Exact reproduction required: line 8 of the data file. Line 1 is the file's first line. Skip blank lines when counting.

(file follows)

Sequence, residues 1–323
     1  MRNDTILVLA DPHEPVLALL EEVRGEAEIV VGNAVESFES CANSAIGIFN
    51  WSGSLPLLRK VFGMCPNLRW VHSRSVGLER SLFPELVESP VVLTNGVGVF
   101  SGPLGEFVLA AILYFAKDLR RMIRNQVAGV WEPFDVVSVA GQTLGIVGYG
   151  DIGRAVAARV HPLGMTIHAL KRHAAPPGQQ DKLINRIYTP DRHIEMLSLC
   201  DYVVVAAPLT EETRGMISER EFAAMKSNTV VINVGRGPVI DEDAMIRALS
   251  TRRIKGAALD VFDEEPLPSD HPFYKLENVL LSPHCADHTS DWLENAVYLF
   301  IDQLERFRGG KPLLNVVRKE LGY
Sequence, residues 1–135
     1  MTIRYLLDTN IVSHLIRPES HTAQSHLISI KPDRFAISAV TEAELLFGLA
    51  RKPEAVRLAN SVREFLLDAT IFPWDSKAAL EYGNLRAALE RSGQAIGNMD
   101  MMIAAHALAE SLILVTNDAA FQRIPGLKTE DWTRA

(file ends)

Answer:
   301  IDQLERFRGG KPLLNVVRKE LGY